DAVIDSON: And it's not just choice I realized when I was talking to Jim Masschaele. The modern job is also - when you and I talk about our jobs, we know it's one part of our life. We talk about, like, work-life balance like that.

CHACE: Kind of.

DAVIDSON: Kind of. Yeah. You don't have - sorry.

CHACE: No (Laughter).

DAVIDSON: In the Middle Ages, Masschaele said nobody was talking about work-life balance.

MASSCHAELE: Basically, work defined your life. You woke up in the morning and you did whatever work was needed. And you worked through the whole day until it was dark. And then you went home. And you woke up the next day and you did the whole thing over again.

DAVIDSON: Nearly everybody, as far as we can tell, like 80 to 90 percent of people were farmers, peasants, serfs, slaves. And that's going back as far back in history as history is recorded - everywhere, all over the world. That's a lot of life for most people. And I think we can agree that's something very different from a modern job.

CHACE: Yes.

DAVIDSON: Working the land all the time until you die.

CHACE: Right.

DAVIDSON: But in talking to these historians, I did learn that things were different in the Middle Ages if you went to towns and cities. Though when you picture a city in the Middle Ages, do not picture, like, Chicago in the 1800s or Detroit in the early 1900s, like a bustling metropolis filled with economic possibility.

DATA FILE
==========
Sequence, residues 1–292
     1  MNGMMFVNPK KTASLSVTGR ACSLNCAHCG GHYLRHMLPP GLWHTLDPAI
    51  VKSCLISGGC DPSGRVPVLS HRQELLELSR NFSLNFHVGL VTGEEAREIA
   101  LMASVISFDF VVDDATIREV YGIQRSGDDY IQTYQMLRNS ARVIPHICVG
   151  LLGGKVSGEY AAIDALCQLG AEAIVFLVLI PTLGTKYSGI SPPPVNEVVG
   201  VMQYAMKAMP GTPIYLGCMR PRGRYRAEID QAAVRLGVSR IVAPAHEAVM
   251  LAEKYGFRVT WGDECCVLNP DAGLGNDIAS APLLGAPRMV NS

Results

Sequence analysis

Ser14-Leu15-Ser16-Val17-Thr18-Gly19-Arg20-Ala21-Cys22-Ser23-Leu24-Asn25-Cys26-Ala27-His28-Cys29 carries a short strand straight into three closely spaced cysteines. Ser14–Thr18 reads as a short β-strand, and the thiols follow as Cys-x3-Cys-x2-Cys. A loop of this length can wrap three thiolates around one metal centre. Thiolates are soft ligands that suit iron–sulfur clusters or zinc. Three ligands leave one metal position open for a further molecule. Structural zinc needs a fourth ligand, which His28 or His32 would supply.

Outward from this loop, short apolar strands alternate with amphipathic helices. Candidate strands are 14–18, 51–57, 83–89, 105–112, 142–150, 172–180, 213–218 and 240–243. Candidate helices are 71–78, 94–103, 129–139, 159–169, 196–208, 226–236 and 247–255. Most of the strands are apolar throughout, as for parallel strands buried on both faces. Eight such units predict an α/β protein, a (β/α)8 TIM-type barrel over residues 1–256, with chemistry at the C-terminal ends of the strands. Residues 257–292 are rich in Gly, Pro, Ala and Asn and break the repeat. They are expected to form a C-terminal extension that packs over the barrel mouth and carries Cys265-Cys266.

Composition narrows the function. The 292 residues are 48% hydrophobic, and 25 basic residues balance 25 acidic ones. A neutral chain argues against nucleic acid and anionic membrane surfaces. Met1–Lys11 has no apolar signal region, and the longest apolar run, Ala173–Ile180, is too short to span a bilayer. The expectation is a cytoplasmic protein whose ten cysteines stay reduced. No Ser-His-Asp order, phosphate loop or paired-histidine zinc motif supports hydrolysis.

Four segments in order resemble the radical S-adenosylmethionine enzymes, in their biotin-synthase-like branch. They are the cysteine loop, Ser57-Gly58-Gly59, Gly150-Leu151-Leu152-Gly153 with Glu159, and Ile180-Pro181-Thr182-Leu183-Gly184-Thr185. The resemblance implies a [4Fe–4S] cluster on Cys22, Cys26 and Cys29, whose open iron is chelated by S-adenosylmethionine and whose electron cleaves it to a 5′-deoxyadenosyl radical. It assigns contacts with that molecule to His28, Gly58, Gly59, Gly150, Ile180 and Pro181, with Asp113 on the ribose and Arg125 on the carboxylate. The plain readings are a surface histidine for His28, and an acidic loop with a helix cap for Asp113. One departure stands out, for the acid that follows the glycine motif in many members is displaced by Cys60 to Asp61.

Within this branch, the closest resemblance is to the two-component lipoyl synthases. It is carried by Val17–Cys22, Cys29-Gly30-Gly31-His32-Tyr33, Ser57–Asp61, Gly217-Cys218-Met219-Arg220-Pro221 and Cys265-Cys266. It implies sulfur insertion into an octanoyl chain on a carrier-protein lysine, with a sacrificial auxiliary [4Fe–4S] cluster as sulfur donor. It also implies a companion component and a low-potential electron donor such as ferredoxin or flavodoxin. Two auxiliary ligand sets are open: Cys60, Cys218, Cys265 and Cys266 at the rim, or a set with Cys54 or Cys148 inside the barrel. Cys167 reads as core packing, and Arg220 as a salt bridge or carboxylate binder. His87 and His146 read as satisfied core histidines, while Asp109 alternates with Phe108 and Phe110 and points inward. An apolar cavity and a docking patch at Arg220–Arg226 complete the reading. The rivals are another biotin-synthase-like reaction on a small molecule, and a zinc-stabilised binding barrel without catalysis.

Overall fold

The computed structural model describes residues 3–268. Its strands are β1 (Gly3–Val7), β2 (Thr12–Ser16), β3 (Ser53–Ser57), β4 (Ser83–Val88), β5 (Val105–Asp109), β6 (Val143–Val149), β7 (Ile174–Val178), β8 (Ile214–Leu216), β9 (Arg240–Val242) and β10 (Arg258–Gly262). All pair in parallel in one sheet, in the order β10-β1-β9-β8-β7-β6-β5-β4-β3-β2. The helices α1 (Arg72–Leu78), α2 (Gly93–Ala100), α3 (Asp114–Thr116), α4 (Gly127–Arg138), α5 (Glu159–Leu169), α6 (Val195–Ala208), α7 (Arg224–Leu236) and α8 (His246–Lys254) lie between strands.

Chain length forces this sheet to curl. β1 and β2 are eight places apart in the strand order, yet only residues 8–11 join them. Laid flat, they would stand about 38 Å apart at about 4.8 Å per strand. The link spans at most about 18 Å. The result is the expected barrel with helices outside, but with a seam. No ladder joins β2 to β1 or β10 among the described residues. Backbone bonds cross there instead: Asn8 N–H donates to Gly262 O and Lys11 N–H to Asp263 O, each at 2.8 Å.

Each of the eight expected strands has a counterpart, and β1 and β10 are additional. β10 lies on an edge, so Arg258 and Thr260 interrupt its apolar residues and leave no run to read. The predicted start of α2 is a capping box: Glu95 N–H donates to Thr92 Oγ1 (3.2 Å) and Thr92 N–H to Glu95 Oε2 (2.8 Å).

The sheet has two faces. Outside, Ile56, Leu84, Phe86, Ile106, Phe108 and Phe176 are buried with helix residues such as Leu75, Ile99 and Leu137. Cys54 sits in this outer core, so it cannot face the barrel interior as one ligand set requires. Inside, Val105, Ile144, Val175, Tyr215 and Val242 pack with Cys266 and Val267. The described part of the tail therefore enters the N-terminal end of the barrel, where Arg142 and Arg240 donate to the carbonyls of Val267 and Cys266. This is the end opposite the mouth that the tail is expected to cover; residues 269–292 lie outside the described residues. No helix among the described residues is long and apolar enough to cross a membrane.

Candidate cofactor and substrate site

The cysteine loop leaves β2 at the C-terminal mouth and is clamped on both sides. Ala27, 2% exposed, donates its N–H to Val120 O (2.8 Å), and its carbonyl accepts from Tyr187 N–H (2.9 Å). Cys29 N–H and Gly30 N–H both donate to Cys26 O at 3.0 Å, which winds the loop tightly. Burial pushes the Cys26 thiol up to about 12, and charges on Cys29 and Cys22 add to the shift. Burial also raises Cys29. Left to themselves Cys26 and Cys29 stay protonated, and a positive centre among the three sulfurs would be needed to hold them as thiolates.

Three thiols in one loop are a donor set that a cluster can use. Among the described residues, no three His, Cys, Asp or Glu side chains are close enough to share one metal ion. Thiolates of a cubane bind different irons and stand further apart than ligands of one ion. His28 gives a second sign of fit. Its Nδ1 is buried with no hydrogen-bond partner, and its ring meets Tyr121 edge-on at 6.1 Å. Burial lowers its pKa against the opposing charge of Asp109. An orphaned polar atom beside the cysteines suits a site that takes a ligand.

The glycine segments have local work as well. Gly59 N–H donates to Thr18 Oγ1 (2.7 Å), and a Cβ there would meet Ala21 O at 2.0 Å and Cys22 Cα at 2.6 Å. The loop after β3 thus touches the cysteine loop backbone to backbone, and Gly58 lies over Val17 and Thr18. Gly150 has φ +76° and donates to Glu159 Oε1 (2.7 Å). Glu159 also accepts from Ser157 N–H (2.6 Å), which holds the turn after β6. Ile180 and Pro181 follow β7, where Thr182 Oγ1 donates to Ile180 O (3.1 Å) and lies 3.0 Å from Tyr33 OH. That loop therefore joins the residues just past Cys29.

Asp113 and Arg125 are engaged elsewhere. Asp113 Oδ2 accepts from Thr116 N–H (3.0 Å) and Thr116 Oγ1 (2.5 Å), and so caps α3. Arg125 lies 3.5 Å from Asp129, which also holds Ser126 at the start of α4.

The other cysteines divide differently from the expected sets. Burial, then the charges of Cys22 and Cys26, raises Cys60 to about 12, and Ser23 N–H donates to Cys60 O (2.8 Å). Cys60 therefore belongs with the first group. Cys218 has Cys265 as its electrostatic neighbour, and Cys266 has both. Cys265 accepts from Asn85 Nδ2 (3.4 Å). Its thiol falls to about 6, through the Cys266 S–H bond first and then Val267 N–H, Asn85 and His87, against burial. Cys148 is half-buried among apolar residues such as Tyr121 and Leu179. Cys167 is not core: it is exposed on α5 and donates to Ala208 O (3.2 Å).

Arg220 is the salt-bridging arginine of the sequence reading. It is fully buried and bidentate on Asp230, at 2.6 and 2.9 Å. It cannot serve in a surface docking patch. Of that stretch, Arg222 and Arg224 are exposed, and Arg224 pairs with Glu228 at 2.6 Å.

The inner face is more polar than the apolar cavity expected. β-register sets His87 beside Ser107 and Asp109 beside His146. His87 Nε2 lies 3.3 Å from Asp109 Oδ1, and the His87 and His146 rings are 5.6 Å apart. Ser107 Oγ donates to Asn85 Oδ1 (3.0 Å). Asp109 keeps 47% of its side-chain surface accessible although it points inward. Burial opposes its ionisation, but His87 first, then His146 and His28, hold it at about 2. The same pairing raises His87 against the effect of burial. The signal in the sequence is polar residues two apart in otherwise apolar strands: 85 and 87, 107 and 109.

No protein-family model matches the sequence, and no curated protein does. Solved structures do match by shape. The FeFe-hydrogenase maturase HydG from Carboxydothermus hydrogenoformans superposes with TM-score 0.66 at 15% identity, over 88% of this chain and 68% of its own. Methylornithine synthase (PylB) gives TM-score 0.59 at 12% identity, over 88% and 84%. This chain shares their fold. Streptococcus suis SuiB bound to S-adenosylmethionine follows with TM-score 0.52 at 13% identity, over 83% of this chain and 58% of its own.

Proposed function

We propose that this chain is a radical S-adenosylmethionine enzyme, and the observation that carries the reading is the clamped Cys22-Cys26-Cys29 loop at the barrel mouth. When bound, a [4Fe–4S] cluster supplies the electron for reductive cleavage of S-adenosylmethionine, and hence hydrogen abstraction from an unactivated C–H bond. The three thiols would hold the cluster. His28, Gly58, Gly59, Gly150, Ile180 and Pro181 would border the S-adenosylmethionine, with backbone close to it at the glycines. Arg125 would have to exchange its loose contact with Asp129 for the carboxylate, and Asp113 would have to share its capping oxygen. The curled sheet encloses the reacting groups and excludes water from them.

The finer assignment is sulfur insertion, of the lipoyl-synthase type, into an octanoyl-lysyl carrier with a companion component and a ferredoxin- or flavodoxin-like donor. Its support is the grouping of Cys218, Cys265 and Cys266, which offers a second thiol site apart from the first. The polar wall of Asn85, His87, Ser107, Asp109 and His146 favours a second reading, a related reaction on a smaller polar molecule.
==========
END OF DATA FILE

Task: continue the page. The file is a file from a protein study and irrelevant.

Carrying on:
SHEILAGH OGILVIE: Towns were like deathtraps. It was so dangerous to live in towns.

DAVIDSON: That Sheilagh Ogilvie. She's at Cambridge University. She's one of my favorite economic historians. So she explained there was terrible sewage in these towns and cities. So many people were dying that they just couldn't get all the work done that needed to be done.

CHACE: That sounds pretty terrible. And that is where something like a job would start to come in because it would draw people to the cities and get the work done that needed to be done.

DAVIDSON: Yes. Exactly. People - usually they were young, like 14, 15 years old - they would leave the farm, go into the city and they would find something that looks an awful lot like a job. They'd be paid a wage. They'd have a boss. And one thing that was interesting is there were a lot more young women than young men because the young men were needed for work back on the farm. Women came to the cities and did all sorts of things.

OGILVIE: We'd seen women with jobs as spinners, as seamstresses. They would be carding wool in attics. They would be street sellers. They would be secondhand traders. They would be laundresses.

CHACE: So that sounds like jobs. Everything that was just listed, those are - those sound like jobs to me. But Adam, I know you. And this quest - this quest for the modern job is not over.